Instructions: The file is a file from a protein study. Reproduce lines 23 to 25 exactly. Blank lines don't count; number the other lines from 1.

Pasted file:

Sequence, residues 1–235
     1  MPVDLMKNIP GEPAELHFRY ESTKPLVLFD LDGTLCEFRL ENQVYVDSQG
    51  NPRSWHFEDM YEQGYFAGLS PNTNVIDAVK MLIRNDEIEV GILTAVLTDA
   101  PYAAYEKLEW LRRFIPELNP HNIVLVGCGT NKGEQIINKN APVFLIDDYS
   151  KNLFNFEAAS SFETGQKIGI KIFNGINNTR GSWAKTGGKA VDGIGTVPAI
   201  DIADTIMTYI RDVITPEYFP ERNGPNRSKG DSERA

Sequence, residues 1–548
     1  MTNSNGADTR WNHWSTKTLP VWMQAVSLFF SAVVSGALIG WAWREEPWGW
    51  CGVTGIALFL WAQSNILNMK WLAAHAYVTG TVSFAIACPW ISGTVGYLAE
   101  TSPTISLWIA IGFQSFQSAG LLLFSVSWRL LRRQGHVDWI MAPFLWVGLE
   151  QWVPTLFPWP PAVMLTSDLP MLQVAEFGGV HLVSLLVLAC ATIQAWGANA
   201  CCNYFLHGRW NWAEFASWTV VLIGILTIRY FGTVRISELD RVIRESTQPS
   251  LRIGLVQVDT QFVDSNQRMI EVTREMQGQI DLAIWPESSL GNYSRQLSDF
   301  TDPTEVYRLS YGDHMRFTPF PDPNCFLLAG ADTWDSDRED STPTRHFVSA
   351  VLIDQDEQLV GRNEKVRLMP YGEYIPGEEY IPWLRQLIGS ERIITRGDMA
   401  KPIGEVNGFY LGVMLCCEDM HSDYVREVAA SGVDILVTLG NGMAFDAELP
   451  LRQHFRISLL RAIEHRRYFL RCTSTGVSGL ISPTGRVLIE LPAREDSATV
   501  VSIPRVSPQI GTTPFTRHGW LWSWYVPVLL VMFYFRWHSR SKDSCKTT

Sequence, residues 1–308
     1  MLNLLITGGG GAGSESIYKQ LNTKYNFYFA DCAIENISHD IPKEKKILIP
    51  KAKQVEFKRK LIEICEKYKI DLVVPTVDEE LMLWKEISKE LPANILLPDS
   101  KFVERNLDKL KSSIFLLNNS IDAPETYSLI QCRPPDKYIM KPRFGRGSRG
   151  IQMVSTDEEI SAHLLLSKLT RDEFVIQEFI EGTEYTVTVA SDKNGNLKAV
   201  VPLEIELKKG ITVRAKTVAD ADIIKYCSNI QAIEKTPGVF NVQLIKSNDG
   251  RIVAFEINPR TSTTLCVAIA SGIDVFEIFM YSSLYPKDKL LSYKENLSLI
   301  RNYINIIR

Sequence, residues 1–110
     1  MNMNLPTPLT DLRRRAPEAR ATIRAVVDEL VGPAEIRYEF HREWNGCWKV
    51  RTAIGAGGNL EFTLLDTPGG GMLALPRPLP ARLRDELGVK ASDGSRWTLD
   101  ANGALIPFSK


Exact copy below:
   151  IQMVSTDEEI SAHLLLSKLT RDEFVIQEFI EGTEYTVTVA SDKNGNLKAV
   201  VPLEIELKKG ITVRAKTVAD ADIIKYCSNI QAIEKTPGVF NVQLIKSNDG
   251  RIVAFEINPR TSTTLCVAIA SGIDVFEIFM YSSLYPKDKL LSYKENLSLI